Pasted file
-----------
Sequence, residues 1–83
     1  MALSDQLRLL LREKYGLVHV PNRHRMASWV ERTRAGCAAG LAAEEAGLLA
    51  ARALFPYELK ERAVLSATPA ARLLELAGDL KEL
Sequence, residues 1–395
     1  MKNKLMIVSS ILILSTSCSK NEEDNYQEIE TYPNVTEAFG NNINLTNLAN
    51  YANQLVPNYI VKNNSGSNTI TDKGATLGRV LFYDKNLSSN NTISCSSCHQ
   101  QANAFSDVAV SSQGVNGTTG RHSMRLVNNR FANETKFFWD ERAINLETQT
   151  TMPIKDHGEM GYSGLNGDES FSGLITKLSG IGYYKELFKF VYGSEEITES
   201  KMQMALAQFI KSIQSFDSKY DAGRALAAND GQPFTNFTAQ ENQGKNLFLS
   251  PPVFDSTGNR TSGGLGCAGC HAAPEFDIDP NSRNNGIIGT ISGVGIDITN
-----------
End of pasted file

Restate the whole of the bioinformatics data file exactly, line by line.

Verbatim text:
Sequence, residues 1–83
     1  MALSDQLRLL LREKYGLVHV PNRHRMASWV ERTRAGCAAG LAAEEAGLLA
    51  ARALFPYELK ERAVLSATPA ARLLELAGDL KEL
Sequence, residues 1–395
     1  MKNKLMIVSS ILILSTSCSK NEEDNYQEIE TYPNVTEAFG NNINLTNLAN
    51  YANQLVPNYI VKNNSGSNTI TDKGATLGRV LFYDKNLSSN NTISCSSCHQ
   101  QANAFSDVAV SSQGVNGTTG RHSMRLVNNR FANETKFFWD ERAINLETQT
   151  TMPIKDHGEM GYSGLNGDES FSGLITKLSG IGYYKELFKF VYGSEEITES
   201  KMQMALAQFI KSIQSFDSKY DAGRALAAND GQPFTNFTAQ ENQGKNLFLS
   251  PPVFDSTGNR TSGGLGCAGC HAAPEFDIDP NSRNNGIIGT ISGVGIDITN